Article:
These days individual news stories supplant one another like cards dealt from a deck. You draw an ace today but tomorrow a four. Sure Obama nabbed the world's most wanted terrorist three weeks ago, but what has he done for us lately?
What is more important than individual events is their syntax. The events are nouns and how they are handled verbs, but unless they are strung together coherently, consciously, the reader/voter doesn't understand what story you're trying to tell them.
Targeting Osama was much easier for the president because he defined his enemy as the enemy. Since apart from when he is actually campaigning he is unwilling to regard the opposition as antagonists, combating them has proven not only difficult but largely unsuccessful.
Since the opposition are unabashed cheerleaders for the top 2% untouched by this Great Recession, by not providing an equally forceful counter argument to the rest of us, it is difficult for us not to despair.
The president has done a lot of good in this first term, most notably saving the nation and the world from another full-blown Depression, but his failure to hold those same banking interests accountable for the mire of unemployment and destroyed savings we currently suffer through has clouded his entire first term and threatens to damn his legacy. When the banks and brokers were all teetering on the brink Obama was offered a perhaps once-a-century opportunity to restore fairness to our unsustainable economic system. His saving them without fixing them -- much more than race hatred -- ignited the Tea Party, which co-opted the GOP, which currently dominates domestic policy making.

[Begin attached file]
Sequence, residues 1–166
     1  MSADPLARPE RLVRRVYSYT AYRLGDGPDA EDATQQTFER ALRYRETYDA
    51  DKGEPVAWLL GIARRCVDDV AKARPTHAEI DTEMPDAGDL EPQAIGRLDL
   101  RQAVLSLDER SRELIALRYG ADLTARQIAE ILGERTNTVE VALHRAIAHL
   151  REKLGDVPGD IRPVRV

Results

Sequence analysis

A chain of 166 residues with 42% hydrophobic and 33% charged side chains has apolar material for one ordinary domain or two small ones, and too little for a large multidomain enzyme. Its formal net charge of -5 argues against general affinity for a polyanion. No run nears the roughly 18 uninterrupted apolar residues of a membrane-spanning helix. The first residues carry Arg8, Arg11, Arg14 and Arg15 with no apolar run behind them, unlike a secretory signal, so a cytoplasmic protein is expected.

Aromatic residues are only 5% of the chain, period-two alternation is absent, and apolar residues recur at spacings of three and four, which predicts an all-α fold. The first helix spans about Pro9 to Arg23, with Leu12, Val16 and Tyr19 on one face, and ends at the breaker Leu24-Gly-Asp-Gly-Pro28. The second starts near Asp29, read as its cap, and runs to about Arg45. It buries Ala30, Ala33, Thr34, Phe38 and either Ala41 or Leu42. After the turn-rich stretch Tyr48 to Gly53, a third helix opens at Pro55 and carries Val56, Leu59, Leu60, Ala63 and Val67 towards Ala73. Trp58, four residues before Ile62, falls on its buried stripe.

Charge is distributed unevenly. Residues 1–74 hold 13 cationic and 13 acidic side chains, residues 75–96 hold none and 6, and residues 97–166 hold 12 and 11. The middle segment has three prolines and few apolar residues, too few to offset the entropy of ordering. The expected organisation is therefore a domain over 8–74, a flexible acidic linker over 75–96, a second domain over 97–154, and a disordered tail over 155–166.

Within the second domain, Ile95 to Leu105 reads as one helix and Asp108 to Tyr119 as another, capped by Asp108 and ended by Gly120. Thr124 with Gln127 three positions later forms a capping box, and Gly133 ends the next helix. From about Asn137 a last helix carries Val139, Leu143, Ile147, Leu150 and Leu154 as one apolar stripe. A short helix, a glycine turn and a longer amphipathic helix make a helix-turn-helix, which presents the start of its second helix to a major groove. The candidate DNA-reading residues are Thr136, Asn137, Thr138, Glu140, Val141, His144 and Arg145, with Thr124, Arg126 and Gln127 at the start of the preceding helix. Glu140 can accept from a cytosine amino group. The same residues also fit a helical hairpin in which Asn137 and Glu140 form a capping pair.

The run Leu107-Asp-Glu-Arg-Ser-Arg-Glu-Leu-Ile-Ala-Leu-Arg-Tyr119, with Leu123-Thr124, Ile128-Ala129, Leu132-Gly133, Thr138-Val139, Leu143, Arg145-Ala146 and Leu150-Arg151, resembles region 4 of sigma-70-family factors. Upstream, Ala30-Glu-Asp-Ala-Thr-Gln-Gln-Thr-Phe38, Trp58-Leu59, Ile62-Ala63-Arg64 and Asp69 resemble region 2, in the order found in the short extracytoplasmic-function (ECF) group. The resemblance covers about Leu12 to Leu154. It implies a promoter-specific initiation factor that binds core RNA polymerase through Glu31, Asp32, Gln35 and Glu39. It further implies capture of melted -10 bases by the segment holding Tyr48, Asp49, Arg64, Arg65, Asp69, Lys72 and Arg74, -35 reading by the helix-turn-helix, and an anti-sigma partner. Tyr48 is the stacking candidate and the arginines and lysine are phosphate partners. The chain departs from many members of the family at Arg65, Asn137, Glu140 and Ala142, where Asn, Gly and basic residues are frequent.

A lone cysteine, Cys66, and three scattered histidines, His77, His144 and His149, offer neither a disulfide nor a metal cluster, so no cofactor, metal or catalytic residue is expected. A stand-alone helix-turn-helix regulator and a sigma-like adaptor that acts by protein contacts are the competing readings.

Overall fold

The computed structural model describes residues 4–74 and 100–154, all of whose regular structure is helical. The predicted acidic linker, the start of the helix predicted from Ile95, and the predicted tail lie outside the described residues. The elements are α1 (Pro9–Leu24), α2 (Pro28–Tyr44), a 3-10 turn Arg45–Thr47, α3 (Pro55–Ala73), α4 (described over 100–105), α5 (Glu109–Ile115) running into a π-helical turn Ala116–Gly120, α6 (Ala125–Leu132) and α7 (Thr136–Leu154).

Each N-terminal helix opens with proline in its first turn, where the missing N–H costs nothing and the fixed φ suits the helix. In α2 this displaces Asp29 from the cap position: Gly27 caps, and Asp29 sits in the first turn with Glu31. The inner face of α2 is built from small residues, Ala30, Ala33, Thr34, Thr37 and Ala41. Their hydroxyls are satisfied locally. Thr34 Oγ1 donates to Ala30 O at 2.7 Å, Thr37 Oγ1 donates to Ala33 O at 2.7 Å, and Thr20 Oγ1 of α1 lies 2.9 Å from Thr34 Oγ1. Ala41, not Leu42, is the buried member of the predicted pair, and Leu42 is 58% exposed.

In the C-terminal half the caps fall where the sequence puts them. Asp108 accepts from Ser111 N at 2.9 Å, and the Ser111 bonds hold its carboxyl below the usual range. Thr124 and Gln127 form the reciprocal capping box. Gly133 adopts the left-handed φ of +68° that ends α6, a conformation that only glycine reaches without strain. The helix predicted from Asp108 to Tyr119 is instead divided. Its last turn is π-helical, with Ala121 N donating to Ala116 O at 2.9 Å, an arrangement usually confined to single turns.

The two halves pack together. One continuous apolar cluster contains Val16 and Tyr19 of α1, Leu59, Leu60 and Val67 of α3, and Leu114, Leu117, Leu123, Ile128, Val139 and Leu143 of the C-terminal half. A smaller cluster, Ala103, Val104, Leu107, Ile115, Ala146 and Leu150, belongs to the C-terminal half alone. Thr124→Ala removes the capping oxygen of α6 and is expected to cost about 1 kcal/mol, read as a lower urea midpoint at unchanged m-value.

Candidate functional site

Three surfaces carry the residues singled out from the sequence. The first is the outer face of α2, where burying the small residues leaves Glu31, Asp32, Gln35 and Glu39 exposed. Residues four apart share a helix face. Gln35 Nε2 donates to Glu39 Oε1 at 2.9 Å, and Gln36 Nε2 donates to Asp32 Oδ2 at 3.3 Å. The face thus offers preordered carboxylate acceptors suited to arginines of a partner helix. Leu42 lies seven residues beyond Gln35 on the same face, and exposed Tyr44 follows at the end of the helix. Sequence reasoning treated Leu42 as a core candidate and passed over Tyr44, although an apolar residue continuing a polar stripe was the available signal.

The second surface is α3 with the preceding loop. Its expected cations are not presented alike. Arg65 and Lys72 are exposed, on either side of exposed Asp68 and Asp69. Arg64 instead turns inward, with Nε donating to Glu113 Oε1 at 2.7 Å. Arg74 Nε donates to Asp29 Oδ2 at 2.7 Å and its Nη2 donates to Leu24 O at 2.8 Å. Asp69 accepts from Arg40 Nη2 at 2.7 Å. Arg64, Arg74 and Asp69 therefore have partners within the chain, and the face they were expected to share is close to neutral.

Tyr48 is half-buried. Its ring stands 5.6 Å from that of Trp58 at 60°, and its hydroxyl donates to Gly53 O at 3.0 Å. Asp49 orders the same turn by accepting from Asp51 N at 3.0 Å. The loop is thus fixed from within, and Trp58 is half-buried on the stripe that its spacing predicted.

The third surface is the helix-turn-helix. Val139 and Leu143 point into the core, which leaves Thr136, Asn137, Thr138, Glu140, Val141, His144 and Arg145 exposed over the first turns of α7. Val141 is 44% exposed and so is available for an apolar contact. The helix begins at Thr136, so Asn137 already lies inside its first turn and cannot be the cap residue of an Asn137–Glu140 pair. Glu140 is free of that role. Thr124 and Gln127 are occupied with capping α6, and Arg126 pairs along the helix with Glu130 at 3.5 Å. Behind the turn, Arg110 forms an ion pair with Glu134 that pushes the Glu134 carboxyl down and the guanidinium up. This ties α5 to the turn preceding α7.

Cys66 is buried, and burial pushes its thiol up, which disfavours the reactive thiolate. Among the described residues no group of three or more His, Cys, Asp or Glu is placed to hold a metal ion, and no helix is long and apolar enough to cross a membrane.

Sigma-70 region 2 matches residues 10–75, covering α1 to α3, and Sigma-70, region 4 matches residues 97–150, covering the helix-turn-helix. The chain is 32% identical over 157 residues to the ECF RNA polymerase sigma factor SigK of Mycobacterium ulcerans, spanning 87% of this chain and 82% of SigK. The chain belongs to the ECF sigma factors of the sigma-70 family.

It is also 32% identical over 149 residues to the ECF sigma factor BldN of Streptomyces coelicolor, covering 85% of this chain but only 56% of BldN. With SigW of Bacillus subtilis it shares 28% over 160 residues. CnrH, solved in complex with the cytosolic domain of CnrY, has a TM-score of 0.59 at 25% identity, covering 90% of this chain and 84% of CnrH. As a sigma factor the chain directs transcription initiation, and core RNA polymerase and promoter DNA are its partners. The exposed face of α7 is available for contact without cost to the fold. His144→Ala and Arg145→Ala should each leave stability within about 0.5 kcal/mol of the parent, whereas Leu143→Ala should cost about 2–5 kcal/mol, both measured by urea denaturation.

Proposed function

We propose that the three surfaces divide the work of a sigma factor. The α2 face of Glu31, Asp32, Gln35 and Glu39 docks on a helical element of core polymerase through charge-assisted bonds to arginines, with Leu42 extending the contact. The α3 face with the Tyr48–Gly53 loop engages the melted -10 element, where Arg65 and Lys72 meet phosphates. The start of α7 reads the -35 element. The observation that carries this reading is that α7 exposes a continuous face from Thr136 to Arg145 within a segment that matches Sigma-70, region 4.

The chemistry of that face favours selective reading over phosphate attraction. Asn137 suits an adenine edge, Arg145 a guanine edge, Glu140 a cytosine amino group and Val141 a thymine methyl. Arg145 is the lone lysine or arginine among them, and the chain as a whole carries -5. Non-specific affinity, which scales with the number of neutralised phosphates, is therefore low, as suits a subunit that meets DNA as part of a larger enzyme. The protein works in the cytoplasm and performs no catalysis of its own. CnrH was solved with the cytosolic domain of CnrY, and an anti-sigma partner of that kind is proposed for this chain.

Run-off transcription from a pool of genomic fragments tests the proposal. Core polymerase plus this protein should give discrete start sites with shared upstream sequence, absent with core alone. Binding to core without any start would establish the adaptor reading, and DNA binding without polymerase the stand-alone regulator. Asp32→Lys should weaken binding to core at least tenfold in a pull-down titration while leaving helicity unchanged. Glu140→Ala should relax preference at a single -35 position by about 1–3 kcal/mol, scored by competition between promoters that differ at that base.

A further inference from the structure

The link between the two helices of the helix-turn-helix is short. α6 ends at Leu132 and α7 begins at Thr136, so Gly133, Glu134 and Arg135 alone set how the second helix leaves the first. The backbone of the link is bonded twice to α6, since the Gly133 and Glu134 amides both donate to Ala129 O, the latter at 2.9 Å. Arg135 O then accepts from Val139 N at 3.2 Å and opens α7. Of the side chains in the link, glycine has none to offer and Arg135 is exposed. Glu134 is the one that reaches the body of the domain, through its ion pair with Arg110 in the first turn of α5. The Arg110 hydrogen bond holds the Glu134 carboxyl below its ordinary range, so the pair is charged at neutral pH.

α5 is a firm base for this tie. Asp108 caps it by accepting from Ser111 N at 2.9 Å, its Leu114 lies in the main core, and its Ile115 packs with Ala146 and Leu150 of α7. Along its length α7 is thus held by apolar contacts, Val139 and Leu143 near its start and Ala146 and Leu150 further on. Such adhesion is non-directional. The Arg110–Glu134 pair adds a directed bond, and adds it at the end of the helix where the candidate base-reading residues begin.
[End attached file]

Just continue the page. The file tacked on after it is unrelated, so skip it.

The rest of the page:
A robust Consumer Financial Protection Bureau won't make up for the president's tragic missed opportunity to rein in the banks, but it could send a message that he has awakened to the problems of a middle class decimated by this recession. The poor have always struggled, but now, not only middle class, but upper-middle class Americans are making do with less and understand in more visceral ways than ever that the government is by, of and for the people in name only.
This profound cynicism in the wake of Obama's promise of hope is the president's most devastating adversary.
A first step to combat this crisis of confidence in his handling of our economy would be first to mercilessly chide Republicans for their being complicit in the continued fleecing of consumers, and then defiantly appointing Ms. Warren during the recess.
It's not class warfare for the government to protect all of its citizens from financial exploitation. It is what we assumed our government was there for in the first place. The very fact that such a simple logical step is seen as at all controversial only bitterly reinforces our despair.
Going to bat for Ms. Warren is an easy show of political force and a great way to kickoff a sustained narrative of a man willing to go to bat for the vast rest of us. From now until election day the president needs to convince the middle class and seniors that he's the only thing that stands between them and the bread line.